Global Daily – What a 25% tariff would mean for US inflation

by: Bill Diviney

US Macro: Upping the trade war ante – what does it mean for inflation? – President Trump has upped the stakes in his combative trade policy in recent days, by proposing to increase the planned tariff on $200bn in imports from China from 10% to 25% (this is in addition to the current 25% tariff on $34bn of imports, and imminently on a further $16bn – making for a total of $250bn potentially). We suspect the President has been emboldened by his success in extracting concessions from the European Union with the US’s recent threat of car tariffs, which has been put on ice for now (see here). It may also be a recognition that a 10% tariff would have been largely neutralised by the recent weakness in the CNY, which has now fallen by 8.3% against the USD from its April peak. Indeed, a 10% tariff would have essentially negligible macro implications, but a 25% tariff would almost certainly put upward pressure on inflation. Assuming full pass-through, and the offsetting effect of USD strength vs the CNY, we estimate it could push up headline CPI inflation by up to 20bp in 2019 (to 2.4%), and both core CPI and core PCE inflation by up to 30bp (to 2.4% and 2.3%). In reality, there is enormous uncertainty over the extent to which costs would be passed on to consumers. Where possible, businesses would probably prefer to absorb the hit to margins initially, especially if they do not believe tariffs are permanent and could be reversed.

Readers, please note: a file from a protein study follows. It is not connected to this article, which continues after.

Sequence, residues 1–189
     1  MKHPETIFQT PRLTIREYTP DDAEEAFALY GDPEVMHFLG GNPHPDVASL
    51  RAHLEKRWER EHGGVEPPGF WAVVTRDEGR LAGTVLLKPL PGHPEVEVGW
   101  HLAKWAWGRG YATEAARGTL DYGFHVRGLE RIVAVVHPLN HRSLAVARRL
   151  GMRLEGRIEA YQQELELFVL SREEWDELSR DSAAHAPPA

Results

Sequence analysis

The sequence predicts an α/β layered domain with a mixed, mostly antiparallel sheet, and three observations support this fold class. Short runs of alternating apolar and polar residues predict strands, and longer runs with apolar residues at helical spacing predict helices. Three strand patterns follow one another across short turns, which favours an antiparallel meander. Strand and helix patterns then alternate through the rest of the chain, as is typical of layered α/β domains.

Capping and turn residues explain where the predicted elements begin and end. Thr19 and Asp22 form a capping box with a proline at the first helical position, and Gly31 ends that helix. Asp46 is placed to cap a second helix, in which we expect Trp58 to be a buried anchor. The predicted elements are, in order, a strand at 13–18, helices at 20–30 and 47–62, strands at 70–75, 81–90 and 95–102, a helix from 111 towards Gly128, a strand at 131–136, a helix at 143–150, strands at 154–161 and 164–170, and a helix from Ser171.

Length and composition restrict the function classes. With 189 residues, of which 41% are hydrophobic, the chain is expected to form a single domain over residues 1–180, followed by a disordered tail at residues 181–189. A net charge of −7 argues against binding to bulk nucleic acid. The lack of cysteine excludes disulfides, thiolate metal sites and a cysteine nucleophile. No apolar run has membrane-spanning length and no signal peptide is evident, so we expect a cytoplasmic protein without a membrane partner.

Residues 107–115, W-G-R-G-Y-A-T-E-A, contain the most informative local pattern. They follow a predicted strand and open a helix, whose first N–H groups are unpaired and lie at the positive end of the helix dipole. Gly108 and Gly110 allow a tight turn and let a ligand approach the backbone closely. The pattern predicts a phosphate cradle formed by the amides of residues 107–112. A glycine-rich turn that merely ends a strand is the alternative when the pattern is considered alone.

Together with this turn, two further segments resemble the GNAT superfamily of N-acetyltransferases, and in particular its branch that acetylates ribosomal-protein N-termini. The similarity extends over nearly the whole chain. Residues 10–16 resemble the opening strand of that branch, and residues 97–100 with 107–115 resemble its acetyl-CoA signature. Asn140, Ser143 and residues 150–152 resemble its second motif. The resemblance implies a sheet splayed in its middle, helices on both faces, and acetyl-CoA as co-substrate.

Should businesses indeed fully pass on the tariff costs, would this be enough to alter the path of Fed policy? This will hinge on two crucial, but unpredictable factors: 1) whether business confidence declines on the back of trade policy uncertainty, and 2) whether inflation expectations begin to drift higher. All else equal, the former would lead to a more dovish Fed policy stance, while the latter would lead to a more hawkish policy stance. While a 25% tariff on $250bn of imports is significant, we suspect both business confidence and inflation expectations would weather it. But this is something we would need to monitor closely, and with this upping in the trade war ante, the range of macro and policy outcomes has increased further. (Bill Diviney)